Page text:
John Buckingham: We do like the technology sector. In fact, it's the sector where we have the greatest weighting. Our portfolios are something on the order of 20% or so in tech.
We still see lots of value. A lot of that value's in the larger cap technology names. Apple, of course, being one name that we like. The stock has rallied somewhat, after hitting those lows of a couple weeks ago when it was in the $400 range.
But they're still trading at a very inexpensive multiple, with a dividend yield that had been close to 3%—a little lower than that now—in a company that has a fantastic balance sheet loaded with cash. They're now using that to increase the dividend and just amped the stock buyback program significantly.
Intel (INTC), Microsoft (MSFT), Cisco (CSCO)...these are all stocks we think are inexpensive, trading at below market multiples in terms of earnings, and with above-market dividend yields and superb balance sheets with lots of cash.
I do think there's opportunity in technology, and that investors should not give up on the giant-cap or the mega-cap technology names, as there's opportunity for capital appreciation and significant income.
Nancy Zambell: I know you usually carry some financials and some health-care companies too. Are you very involved with either of those sectors today?
John Buckingham: We have been underweight financials for quite a while, but we've started to get a little more comfortable with them as the economy has shown some signs of life, as the credit difficulties have started to get behind some of these companies, and as dividend yields have started to increase.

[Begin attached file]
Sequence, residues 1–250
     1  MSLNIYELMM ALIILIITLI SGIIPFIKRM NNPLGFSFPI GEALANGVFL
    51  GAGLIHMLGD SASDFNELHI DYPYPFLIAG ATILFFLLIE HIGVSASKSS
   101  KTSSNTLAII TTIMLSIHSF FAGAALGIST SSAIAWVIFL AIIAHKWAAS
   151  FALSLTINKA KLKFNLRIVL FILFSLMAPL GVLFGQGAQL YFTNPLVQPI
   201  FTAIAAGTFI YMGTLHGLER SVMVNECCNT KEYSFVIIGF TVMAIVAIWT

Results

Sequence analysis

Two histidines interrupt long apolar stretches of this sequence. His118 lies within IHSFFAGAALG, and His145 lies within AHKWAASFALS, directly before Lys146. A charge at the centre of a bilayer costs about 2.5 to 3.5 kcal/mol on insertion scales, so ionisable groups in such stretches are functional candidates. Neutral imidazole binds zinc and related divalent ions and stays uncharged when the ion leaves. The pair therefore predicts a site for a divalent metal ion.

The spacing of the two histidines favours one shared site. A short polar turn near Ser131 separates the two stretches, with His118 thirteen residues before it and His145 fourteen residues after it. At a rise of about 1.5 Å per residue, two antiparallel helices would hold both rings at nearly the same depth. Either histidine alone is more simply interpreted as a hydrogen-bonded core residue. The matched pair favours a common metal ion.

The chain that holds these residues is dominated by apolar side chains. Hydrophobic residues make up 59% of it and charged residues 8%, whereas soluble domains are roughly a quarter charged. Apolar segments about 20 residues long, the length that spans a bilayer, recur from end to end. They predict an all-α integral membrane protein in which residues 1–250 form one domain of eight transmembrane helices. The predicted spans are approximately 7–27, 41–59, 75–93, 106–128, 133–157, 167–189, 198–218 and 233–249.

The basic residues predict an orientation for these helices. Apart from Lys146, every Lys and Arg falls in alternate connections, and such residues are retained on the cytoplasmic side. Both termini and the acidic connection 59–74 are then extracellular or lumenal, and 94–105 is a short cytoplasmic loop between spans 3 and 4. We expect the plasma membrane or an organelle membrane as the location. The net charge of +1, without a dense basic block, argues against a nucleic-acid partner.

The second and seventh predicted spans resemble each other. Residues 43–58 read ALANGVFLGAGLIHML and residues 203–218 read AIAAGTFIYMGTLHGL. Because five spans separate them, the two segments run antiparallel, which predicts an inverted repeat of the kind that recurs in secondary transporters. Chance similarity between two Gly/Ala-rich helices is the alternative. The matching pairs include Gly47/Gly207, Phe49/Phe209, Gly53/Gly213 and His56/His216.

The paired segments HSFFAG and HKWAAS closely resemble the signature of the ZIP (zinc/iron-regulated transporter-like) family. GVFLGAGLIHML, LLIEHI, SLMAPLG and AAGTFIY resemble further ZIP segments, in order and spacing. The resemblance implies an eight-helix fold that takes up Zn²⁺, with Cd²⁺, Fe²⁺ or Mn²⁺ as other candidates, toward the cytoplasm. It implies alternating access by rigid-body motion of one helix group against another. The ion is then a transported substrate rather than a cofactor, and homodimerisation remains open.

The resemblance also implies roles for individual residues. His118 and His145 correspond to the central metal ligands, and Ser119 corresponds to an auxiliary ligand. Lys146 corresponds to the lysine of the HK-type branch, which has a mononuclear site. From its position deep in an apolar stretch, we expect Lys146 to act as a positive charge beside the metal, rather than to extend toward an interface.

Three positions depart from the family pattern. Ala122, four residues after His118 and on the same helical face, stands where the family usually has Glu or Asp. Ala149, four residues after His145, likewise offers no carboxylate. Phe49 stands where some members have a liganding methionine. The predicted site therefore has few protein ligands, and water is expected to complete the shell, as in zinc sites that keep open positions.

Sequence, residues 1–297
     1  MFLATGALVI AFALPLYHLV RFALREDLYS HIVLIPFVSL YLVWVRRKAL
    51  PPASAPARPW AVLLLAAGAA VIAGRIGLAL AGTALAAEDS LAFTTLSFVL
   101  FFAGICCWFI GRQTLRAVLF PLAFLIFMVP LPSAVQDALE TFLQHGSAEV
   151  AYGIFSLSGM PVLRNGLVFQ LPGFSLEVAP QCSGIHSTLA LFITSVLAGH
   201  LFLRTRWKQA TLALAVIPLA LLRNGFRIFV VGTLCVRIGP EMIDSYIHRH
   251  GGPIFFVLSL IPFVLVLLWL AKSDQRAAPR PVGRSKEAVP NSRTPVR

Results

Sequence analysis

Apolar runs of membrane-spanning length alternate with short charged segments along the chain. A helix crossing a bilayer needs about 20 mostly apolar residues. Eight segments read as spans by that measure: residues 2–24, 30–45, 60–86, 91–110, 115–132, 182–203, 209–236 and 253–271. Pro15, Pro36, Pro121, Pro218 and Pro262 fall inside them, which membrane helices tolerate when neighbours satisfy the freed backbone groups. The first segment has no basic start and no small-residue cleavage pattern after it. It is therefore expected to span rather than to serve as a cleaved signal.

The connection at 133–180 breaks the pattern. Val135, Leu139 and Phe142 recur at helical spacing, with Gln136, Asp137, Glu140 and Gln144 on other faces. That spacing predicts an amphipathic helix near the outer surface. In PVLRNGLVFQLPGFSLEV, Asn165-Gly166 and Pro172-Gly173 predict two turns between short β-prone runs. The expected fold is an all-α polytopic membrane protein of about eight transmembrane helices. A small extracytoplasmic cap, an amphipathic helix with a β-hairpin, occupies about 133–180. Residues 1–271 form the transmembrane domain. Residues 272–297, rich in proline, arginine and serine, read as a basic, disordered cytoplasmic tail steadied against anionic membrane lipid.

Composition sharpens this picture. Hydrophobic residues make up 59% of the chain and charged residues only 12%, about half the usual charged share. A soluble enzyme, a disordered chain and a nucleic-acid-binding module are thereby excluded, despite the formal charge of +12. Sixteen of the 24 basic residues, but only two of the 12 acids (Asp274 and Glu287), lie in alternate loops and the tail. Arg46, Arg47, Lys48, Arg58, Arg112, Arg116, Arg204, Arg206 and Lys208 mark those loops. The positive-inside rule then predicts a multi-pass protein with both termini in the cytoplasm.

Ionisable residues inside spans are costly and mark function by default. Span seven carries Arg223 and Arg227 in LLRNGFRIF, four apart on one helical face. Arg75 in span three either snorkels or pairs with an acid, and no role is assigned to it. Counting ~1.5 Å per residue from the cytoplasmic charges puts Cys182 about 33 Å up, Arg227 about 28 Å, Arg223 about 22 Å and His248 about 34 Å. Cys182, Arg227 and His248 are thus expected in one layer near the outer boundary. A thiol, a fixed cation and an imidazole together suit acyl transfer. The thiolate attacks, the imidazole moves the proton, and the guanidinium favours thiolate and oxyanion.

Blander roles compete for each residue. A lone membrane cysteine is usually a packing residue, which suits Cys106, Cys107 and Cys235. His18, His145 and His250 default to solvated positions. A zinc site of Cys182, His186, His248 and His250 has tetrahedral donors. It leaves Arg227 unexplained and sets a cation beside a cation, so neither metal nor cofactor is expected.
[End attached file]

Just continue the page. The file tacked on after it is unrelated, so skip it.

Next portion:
We've recently just recommended HSBC (HBC), the global banking giant. We also have recommended a credit card issuer, Capital One Financial (COF). We've added a little more exposure on the financial side of the equation.
We continue to like names like Wells Fargo (WFC), Ameriprise Financial (AMP), and JPMorgan Chase (JPM). These are stocks we've had in our portfolio for quite a while. They've served us nicely, but we still think there's substantial upside in those names.
As far as health care goes, we actually don't have a lot of exposure these days. We actually had taken some money off the table on one of our big winners, a health-care company called AbbVie (ABBV), which was a spinoff of Abbott Labs (ABT) at the beginning of this year. It had performed really well, and we cashed in our chips and actually redeployed that money into other more undervalued sectors.
We still do have a little bit of health-care exposure. In the medical device area, Baxter International (BAX). In pharmaceuticals, Merck (MRK). We also not too long ago got interested in the drug distribution area, in Cardinal Health (CAH).